<a href="http://www.youtube.com/v/jSpowoKqSzc?version=3&amp;amp;hl=en_US" target="_blank" class="new_win">http://www.youtube.com/v/jSpowoKqSzc?version=3&amp;amp;hl=en_US</a>
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Offline D.B. Barnes

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Re: The Rest of the Best (Today's Topic: Favourite TV Themes)
« Reply #281 on: August 01, 2011, 11:43:10 AM »
Whenever I hear the Love Boat theme, I want to finish the line "It's an open smile" with "It's an open sooooooooooore!"



The herpes boat, soon will be spreading to one you love
The herpes boat, promises blisters for everyone
And love, will burn evermore...

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Offline Tripe

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Re: The Rest of the Best (Today's Topic: Favourite Fictional Places)
« Reply #282 on: August 01, 2011, 01:49:33 PM »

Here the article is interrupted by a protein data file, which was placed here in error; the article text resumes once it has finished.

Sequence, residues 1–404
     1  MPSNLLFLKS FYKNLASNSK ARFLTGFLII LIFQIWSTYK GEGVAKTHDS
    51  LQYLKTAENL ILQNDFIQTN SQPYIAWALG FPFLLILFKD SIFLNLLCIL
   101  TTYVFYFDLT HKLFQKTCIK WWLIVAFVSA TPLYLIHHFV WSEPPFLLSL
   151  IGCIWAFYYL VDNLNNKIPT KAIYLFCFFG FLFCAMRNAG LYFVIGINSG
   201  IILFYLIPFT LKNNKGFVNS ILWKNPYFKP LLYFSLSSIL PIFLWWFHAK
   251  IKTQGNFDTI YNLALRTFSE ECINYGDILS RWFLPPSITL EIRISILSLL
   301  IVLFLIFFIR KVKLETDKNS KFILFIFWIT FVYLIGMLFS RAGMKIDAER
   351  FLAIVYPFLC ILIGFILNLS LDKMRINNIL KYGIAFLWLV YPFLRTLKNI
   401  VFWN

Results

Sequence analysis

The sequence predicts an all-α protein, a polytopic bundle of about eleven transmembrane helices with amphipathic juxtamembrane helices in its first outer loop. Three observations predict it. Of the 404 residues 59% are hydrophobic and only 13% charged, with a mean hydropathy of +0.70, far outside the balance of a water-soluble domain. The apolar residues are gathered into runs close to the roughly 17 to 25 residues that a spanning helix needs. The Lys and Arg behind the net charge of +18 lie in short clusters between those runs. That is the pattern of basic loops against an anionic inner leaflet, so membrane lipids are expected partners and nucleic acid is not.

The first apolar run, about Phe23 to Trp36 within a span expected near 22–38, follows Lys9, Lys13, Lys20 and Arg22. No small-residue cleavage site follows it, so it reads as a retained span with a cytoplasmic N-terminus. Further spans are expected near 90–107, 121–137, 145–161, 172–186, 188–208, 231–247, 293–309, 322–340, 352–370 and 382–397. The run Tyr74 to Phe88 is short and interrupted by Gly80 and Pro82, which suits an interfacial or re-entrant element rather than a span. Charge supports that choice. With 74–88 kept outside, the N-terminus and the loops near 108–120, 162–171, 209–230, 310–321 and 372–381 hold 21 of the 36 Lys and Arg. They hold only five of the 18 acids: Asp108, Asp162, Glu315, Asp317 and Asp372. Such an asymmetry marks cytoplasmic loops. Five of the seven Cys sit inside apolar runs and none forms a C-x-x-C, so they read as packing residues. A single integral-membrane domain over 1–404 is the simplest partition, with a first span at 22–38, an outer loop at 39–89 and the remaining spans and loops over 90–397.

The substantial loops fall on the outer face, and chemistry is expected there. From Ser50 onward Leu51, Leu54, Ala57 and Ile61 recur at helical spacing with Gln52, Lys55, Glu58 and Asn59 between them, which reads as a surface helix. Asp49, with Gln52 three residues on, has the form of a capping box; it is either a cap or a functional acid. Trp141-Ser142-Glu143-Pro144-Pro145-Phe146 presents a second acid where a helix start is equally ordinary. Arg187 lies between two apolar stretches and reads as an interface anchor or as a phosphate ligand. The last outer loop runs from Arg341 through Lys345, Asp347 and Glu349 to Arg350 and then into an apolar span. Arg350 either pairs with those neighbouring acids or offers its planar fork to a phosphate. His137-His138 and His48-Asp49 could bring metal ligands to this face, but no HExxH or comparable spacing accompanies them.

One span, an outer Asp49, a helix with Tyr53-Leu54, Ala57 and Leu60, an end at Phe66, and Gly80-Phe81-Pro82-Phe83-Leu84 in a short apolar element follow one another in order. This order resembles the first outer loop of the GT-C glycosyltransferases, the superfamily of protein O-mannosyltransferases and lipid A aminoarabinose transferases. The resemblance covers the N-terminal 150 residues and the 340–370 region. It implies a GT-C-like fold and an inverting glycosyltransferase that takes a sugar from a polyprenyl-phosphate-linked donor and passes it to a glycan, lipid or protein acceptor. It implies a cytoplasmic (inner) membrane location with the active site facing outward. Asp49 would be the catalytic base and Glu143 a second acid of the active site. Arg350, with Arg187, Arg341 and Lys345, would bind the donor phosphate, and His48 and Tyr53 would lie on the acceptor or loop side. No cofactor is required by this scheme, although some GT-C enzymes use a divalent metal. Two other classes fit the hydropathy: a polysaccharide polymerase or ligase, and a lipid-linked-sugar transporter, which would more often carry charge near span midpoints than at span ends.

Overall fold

This is the second time I'm doing something Frank Herbert derived, the writs from Kev and Bri should be arriving any time now.

L.O.C. #27 - Top Fictional Places

Arrakis


The Wiki
Arrakis (pronounced /əˈrækɨs/Arabic:Yeah that's not going to show up‎, ar-rāqiṣ, "the dancer")  – informally known as Dune and later called Rakis  – is a fictional desert planet featured in the Dune series of novels by Frank Herbert. Herbert's first novel in the series, 1965's Dune, is popularly considered one of the greatest science fiction novels of all time, and it is sometimes cited as the best-selling science fiction novel in history. On April 5, 2010, a real-world plain of Saturn's moon Titan was named Arrakis Planitia after Herbert's fictional planet.

In Dune, the planet is the home of the Fremen (Zensunni wanderers), and subsequently is the Imperial Capital of the Atreides Empire. Arrakis is the third planet orbiting the star Canopus, and it in turn is orbited by two moons, one of which has the image of the desert kangaroo mouse, Muad'Dib, on it; the other moon possesses the image of a human hand.

Quote
Arrakis ... Dune ... wasteland of the Empire, and the most valuable planet in the universe. Because it is here — and only here — where spice is found. The spice. Without it there is no commerce in the Empire, there is no civilization. Arrakis ... Dune ... home of the spice, greatest of treasure in the universe. And he who controls it, controls our destiny.